What She Could Carry

April 10, 2015
By Heidi Andrea Restrepo Rhodes 
Matter: A (somewhat) monthly journal  (October 30, 2014)

This poem references the violence of enforced disappearance and forced displacement that is rampant in Colombia. Colombia has over 50,000 reported disappearances, and about 5 million internally displaced. 

What She Could Carry
It all fit in her arms
	and the basket that hung from the handlebars,
	a rusted castoff
	whose creaking spokes clamored
	for the voices of a scarce tomorrow
	after years beneath the Plantain tree,
	equatorial torrents,
	and open-sky sun.
Her infant child, strapped to her back;
	some yucca, avocado, and coffee grinds wrapped
	in the rapidity of alarm;
	her mother’s portrait;
	and a book of poems
	she hoped she could someday learn to read,
	that her husband regardless
	brought her, wrapped in ribbon
	from the city,
	on the day he first kissed her
	on the same riverbank to which he’d gone to fish
	only to be eight months late for supper.
Rumors slapped her cheek for weeks
	that he’d been taken to an unmarked grave
	and handed a shovel
	but there was no word otherwise,
	despite her dawn-break pleas
	perforating the hours up through
	starless night wondering
	that drained her breasts of their certainty
	and left a bitter taste on her child’s tongue.
She rides the velocity of violence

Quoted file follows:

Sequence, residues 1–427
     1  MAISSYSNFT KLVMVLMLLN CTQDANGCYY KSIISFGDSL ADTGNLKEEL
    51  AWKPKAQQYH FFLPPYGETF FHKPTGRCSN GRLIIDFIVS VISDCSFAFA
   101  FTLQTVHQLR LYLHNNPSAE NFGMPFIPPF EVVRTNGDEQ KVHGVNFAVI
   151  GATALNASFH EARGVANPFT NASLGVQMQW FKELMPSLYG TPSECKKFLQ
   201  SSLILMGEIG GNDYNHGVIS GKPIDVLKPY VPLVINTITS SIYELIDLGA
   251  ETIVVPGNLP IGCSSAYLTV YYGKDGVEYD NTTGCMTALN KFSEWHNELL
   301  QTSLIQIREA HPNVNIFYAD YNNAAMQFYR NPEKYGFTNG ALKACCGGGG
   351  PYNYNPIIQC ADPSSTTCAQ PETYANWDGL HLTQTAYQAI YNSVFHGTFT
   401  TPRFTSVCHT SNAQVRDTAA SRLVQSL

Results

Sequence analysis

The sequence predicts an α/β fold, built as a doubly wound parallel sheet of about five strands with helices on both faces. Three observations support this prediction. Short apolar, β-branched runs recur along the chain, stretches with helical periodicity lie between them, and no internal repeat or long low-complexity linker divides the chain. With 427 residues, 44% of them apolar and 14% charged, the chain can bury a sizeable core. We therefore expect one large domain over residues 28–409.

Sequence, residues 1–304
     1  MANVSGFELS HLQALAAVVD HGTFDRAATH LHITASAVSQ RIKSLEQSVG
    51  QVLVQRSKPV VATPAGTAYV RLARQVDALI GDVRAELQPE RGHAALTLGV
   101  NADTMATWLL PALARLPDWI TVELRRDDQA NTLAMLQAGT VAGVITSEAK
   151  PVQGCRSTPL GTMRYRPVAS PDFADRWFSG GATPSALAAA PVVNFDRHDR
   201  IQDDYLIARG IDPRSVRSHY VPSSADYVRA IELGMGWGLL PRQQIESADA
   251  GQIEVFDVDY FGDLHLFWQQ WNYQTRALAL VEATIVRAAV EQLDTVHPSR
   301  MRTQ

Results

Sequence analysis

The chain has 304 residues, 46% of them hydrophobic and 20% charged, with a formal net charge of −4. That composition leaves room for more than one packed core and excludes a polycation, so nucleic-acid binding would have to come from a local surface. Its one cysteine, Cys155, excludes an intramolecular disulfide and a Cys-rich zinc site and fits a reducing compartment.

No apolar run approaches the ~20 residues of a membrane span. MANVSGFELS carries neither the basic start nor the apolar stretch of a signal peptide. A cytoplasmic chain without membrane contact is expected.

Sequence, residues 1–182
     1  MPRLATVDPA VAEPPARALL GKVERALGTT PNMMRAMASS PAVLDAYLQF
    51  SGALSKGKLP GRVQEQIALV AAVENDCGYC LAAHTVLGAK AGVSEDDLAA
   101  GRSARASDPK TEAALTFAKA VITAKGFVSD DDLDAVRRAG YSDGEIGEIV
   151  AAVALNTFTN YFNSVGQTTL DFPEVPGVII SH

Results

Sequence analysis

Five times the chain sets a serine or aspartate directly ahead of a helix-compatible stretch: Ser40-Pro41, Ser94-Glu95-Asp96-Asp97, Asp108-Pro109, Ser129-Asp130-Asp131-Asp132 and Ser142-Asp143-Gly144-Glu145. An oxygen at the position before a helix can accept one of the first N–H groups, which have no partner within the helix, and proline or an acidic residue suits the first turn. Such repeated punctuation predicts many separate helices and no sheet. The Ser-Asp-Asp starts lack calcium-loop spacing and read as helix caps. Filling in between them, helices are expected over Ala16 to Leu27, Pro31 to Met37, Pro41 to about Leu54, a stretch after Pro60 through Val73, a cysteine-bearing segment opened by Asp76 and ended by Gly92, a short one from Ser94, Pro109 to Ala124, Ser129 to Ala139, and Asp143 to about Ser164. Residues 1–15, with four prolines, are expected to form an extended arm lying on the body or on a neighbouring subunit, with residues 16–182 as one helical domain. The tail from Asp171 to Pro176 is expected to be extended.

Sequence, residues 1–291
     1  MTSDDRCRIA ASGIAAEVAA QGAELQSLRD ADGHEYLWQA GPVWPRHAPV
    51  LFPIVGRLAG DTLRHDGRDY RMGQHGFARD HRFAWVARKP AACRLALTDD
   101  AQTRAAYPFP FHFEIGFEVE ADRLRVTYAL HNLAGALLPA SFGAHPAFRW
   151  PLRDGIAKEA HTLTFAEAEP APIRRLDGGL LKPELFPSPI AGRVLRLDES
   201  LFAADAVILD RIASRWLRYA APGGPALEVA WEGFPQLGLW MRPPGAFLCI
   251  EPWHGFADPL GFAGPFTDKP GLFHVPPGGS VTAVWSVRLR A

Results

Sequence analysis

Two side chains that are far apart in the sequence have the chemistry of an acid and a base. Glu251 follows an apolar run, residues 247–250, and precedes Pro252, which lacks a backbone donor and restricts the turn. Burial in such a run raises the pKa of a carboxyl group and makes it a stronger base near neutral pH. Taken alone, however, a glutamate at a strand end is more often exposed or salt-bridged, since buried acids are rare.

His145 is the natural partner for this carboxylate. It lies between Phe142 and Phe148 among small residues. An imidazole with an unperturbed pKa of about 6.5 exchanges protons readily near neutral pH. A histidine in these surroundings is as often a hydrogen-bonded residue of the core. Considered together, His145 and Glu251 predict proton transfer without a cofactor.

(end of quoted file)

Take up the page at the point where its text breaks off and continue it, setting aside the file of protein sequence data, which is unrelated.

peddling the dirt road to
	some semblance of safe
	after gunshots deafened the sugarcane,
	untaming death and its havoc,
	and the neighbor’s cattle came running,
	unsettled, aflame:
	the fabric of fecund days, deracinated.
Erosions of history tattoo themselves into her skin,
	numbing erasure,
	a cruel wind knotting her hair, and
	the splintered tires traverse
	under the weight of
	infant, poetry,
	and dread
	toward a cosmopolitan horizon
	where the extermination
	of home and birdsong
	rises from the blistering pavement.
*This poem references the violence of enforced disappearance and forced displacement that is rampant in Colombia. Colombia has over 50,000 reported disappearances, and about 5 million internally displaced. The Colombian military and its contingent, state-sanctioned, illegal armed groups are responsible for roughly 85% of human rights violations, including these.
Heidi Andrea Restrepo Rhodes is a queer, mixed-race, second-generation Colombian immigrant, writer, scholar, artist, and activist. Her poetry has been seen or is forthcoming in a number of literary journals and anthologies, including Kudzu House Review, As/Us, Feminist Studies Journal, Nepantla, Yellow Medicine Review, Write Bloody’s ‘We Will Be Shelter’, and others. She currently lives in Brooklyn. 
	 


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